Multiculturalism in the Netherlands and the Murder of Theo Van Gogh

By Hylarides, Peter C. | Contemporary Review, February 2005 | Go to article overview

Multiculturalism in the Netherlands and the Murder of Theo Van Gogh


Hylarides, Peter C., Contemporary Review


THE second political murder in less than three years has sent a shock wave through the Netherlands. In May 2002, the flamboyant politician Pim Fortuyn was murdered by a left-wing animal rights activist. This time, the victim was the outspoken filmmaker and champion of free speech Theo van Gogh, a distant relative of the famous painter Vincent van Gogh. He was shot several times whilst cycling to his office in Amsterdam by Muhammad Bouyeri, a Muslim with dual Moroccan and Dutch citizenship. The killer then stabbed Mr van Gogh, slit his throat and left a note on his body, in which he also threatened to kill Ayaan Hirsi Ali; she is a Dutch MP of Somali descent and member of the Liberal Party (VVD) who regularly criticized the position of women in Islam and even described the Prophet Muhammad as a 'pervert' for marrying his third wife Aisha, a six-year-old girl, when he was 53. Both Mr van Gogh and Ms Hirsi Ali had worked on a short film, which infuriated the Muslim community in the Netherlands. In Submission: Part One, a Muslim woman is forced into an abusive arranged marriage and raped by her husband. The most offensive image in the film is her naked body painted all over with verses from the Koran, whilst Ms Hirsi Ali recites from the Holy Book in Arabic.

Theo van Gogh's murder puts the issues of immigration and failed multiculturalism, once again, at the forefront. The Netherlands, known in the world as one of the most tolerant nations, is in a quagmire. Since the death of Mr Fortuyn, a good friend of Theo van Gogh, who had warned vehemently against the compatibility of Islam and a secularised society, politicians of opposing parties now cast severe doubts on the desirability of the current form of multiculturalism and continued immigration. After all, Muhammad Bouyeri appeared to be an integrated citizen who had grown up in Amsterdam, studied computer science and worked as a youth counsellor. After his mother died of breast cancer, however, he changed his appearance and attitude. He began to wear Arab robes and started to visit a Mosque that was known to preach extremism. There he came into contact with like-minded souls from Egypt, Algeria and Syria. He was monitored by the Dutch intelligence service (AIVD) since 2002 but was never a suspect of the highest order.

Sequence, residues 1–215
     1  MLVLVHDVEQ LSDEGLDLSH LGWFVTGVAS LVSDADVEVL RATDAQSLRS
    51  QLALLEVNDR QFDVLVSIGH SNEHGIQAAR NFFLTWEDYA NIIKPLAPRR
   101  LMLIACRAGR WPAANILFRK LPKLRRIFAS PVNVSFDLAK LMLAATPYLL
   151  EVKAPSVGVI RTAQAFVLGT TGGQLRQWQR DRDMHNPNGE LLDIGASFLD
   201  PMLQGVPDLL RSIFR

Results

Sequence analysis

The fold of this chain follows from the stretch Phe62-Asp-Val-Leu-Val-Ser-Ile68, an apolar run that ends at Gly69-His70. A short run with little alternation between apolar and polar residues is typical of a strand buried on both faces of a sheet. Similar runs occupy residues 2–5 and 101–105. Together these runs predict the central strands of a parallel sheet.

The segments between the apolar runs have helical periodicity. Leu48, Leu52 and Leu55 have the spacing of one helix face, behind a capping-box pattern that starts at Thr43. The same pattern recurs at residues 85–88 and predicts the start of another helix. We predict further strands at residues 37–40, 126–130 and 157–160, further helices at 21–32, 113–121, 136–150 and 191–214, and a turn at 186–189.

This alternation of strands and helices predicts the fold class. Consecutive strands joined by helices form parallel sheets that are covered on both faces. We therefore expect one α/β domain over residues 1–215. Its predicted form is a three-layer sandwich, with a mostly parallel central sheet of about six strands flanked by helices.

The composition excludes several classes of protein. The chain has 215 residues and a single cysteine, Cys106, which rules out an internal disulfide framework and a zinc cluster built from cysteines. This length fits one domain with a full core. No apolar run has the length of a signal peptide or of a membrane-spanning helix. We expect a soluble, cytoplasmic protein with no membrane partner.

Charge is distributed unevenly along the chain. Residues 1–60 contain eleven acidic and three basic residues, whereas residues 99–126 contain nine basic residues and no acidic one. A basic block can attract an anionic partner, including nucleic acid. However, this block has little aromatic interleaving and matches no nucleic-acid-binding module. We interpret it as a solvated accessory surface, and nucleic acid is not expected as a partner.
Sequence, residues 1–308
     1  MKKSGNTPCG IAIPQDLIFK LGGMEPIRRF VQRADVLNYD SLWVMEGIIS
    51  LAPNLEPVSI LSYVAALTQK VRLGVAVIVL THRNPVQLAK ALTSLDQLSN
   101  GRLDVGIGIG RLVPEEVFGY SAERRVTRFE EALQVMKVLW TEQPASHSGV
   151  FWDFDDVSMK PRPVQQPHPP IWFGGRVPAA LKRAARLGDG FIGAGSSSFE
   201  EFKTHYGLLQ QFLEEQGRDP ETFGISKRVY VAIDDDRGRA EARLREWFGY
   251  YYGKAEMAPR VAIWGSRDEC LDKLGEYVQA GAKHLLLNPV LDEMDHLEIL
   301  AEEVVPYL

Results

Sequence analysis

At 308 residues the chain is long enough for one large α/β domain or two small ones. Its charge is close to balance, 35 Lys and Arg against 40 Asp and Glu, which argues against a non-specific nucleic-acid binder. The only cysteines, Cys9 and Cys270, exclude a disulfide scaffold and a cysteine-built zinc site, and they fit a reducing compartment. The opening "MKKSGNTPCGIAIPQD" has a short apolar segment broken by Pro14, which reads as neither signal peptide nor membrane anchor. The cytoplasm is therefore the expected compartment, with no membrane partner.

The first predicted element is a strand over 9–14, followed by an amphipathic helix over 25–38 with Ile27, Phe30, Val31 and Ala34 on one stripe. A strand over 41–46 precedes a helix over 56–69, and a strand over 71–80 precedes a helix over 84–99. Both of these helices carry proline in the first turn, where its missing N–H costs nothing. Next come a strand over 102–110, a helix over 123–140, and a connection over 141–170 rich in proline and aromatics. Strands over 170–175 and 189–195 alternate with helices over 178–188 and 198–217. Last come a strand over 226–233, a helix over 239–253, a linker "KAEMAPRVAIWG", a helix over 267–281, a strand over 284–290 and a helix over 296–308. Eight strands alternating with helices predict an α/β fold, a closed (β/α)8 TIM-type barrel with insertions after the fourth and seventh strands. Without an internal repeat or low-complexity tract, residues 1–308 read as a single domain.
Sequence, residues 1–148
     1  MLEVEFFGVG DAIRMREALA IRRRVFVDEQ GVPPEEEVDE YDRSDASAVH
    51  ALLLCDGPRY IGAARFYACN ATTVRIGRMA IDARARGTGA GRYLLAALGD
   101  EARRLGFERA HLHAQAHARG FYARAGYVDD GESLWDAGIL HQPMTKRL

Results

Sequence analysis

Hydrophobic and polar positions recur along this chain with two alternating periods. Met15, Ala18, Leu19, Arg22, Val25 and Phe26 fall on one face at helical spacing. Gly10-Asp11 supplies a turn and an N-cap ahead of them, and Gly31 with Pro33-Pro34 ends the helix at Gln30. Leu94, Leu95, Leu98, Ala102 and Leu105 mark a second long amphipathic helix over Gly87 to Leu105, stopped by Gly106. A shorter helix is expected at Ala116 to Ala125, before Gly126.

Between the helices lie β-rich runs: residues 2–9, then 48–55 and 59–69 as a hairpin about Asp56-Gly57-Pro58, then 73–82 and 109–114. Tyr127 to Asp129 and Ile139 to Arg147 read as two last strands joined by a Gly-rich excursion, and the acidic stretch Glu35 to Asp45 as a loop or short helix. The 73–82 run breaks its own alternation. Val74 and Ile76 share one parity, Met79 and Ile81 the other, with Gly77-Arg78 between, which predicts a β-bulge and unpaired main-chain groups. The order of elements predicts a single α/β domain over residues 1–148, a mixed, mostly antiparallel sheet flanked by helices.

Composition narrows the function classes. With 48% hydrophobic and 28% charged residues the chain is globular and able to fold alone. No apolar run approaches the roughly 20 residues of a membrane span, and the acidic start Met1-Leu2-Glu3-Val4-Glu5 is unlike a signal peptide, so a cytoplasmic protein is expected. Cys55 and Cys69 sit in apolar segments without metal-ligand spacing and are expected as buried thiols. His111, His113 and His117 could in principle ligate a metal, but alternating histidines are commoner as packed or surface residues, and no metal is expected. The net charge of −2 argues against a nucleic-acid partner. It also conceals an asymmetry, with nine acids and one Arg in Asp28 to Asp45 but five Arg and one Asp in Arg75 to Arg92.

Tolerance and liberal values have a long history in the Netherlands. Since the revolt against Spanish rule in the sixteenth and seventeenth century, the Dutch Republic became known as a haven of religious freedom in a Europe that was still mired in repression. Admittedly, in comparison with modern society, one can say that Dutch tolerance in that era should not be oversimplified or exaggerated, but it is true that many religious denominations were able to practice their religion in some shape or form without too much interference from the authorities. When, in the seventeenth century, Jewish merchants were forced to flee Portugal they were free to set up their own synagogues in Amsterdam, without interference from the government. Huguenots, who suffered severe persecution for their faith in France, were welcome in the Dutch Republic. Even Catholics, whose freedom of movement was officially limited after the revolt against Spain, were able to practice their religion behind closed doors. This tolerance became second nature to the Dutch and resulted in a society that can be described as 'live and let live'. When we take a big leap from the seventeenth to the twentieth century, we see one severe interruption in the tradition of tolerance: the German occupation during the Second World War saw a division between those who fought for freedom and those who collaborated with the Germans. The majority of Dutch Jews were sent to German concentration camps and did not return. 'Never again' was the general opinion after the war. The experience with the Nazis made it abundantly clear for the Dutch that intolerance ought to be banned forever from Dutch society. …

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